Peter English is the Australasia editor of Cricinfo

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© ESPN Sports Media Ltd.

Posted by rockdworldxi on (January 6, 2011, 19:20 GMT)

clarke has not got the leadership qualities like mark taylor or steve waugh and idealy australia should do what south africa did with graeme smith and india did with ms dhoni, make some one like cameron white the odi and t20 captain and mike hussey the test captain..

Posted by TheLoneStranger on (January 4, 2011, 11:28 GMT)

If Ponting isn't fit for Sydney, how was he fit for Melbourne??? He put his own interests ahead of the team and STILL batted at three. What is it about this selection panel? Poor old Nathan Hauritz must be wondering exactly what he has done to be continually insulted by the selectors, DESPITE taking wickets and making runs aplenty for NSW. Clarke should never have been picked, let alone made captain, and Hughes and Beer are laughable selections; Hughes because of his technical problems and poor Shield form, and Beer because he's not within a bull's roar of Hauritz's ability with ball OR bat. This is the team that SHOULD have taken the field in Sydney: Watson, Cosgrove, Khawaja, M.Hussey, D.Hussey, Smith (until Ponting returns at SIX!), Haddin (C), Hauritz, Johnson, Siddle, Bollinger, Hilfenhaus (12th). When Katich is fit again, he is owed the courtesy of restoration to the side, with Cosgrove or D. Hussey to miss out, depending on their productivity while in the side.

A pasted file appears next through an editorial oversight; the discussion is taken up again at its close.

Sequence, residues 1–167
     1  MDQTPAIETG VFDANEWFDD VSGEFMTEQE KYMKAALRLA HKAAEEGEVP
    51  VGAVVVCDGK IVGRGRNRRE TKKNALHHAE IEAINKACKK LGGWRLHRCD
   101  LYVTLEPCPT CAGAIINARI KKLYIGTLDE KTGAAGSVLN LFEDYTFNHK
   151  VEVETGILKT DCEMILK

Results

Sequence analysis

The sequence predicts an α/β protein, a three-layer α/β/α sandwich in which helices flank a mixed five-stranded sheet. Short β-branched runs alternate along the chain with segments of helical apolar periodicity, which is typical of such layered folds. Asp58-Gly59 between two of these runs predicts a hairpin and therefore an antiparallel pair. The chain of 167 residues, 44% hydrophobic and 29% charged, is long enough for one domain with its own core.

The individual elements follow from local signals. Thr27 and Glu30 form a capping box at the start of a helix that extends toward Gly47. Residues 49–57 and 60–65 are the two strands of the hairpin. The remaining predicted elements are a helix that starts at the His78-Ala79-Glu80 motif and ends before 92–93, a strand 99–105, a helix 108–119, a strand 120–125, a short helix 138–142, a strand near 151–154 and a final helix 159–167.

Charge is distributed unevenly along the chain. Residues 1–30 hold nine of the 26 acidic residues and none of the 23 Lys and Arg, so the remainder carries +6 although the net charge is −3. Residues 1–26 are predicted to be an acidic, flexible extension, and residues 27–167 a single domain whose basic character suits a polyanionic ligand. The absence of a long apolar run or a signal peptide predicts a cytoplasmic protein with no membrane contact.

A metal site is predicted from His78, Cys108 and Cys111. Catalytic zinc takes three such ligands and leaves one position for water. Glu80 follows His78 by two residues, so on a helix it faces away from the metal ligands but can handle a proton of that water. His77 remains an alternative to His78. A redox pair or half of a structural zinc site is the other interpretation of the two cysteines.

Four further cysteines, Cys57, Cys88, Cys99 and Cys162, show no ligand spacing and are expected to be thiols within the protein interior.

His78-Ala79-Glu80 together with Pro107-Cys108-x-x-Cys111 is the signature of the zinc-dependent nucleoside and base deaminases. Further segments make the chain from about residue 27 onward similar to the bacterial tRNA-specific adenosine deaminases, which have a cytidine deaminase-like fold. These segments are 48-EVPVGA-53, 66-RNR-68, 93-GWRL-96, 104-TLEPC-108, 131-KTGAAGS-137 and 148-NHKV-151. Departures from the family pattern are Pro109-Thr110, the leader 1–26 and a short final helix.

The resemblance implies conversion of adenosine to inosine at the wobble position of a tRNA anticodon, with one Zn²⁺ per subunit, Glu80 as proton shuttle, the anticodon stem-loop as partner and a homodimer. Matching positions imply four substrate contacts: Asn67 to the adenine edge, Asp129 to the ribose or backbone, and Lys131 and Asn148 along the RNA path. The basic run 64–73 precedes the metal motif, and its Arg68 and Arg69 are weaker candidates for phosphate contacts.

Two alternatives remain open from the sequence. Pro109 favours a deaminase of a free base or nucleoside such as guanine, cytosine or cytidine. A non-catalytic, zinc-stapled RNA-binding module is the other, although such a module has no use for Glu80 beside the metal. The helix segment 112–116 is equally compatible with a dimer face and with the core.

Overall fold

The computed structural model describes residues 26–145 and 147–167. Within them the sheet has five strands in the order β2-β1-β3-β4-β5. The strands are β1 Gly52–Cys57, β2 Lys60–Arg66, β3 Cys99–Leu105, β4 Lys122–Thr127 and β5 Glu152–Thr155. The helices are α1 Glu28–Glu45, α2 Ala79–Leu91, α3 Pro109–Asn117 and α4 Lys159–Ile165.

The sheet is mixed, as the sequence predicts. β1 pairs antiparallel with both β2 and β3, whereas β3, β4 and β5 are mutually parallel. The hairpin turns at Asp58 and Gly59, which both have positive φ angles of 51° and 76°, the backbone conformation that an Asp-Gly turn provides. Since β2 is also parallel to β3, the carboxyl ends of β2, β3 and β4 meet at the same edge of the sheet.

Posted by mattyboy95 on (January 2, 2011, 6:46 GMT)